Recently I've been really intrigued by the idea of "death midwives" or "death doulas" (which I first learned about from this video.) I don't personally have a ton of intimate experience with death and I feel really unmoored as my first parent struggles with their health. Despite how common I know it is, I just don't feel like I have a lot of cultural touchstones or reference points or passed-down wisdom, most of the time, and (when things get there) I would really value having someone more experienced who could provide some guidance for everyone.
posted by mosst at 1:45 PM on October 1 [6 favorites]


As if me reading Mainlander and Schopenhauer wasn't enough.
posted by symbioid at 2:21 PM on October 1 [1 favorite]


We suck at doing people. We really do. For animals, we can sometimes do better.

I spent Sunday putting down my twenty-year-old mare. It was the best I could make it be, the good times for certain.
posted by which_chick at 2:30 PM on October 1 [26 favorites]


I stand by this.

It's easy to romanticize death or overvalue what is to be learned by facing it directly, I think, as 21st century Westerners.
posted by ryanshepard at 2:36 PM on October 1 [6 favorites]


That was a beautiful essay, which_chick. Thank you.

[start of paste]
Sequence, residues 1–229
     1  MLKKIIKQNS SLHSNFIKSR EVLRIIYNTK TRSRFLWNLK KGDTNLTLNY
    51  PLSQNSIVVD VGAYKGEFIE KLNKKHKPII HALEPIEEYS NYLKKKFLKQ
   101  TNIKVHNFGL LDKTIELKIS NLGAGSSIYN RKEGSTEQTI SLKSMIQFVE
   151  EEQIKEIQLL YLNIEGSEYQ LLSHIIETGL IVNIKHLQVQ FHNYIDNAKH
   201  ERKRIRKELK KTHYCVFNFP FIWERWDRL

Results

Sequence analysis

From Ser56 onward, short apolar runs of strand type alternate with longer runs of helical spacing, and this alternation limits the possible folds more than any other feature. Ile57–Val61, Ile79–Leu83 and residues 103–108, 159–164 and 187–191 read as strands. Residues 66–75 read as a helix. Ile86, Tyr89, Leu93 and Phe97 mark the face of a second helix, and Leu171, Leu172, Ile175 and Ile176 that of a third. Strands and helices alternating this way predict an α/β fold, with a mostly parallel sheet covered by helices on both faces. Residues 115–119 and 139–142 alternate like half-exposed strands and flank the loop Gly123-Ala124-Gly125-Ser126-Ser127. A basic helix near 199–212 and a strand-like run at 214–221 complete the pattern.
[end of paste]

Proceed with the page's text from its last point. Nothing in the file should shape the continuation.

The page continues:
posted by Johnny Wallflower at 2:58 PM on October 1 [3 favorites]


It's easy to romanticize death or overvalue what is to be learned by facing it directly

We overrate what can be learned about ourselves by exposure to the deaths of others.

Death is opaque.
posted by Modest House at 3:23 PM on October 1 [1 favorite]


The naming troll strikes again.
posted by Baeria at 3:40 PM on October 1


The death of my mother's twin felt way too much like a rehearsal.
posted by The Underpants Monster at 3:43 PM on October 1 [3 favorites]


In a similar vein to the Conversation Project, Get Your Shit Together (Previously on the blue)
posted by namewithoutwords at 3:54 PM on October 1 [3 favorites]


This is silly. Decorate a coffin? Listen to a talk? Give me a break. This is so sanitized and western I can’t even.

Go to a family funeral. Someone you knew. See their body. Feel the permanence. All the things you didn’t say. All the things they were in the middle of. That you continue to age while they are always 34. Their nephew is now 14. A sample of their handwriting, that will write no new things.

Then know you are next.
posted by St. Peepsburg at 4:00 PM on October 1 [12 favorites]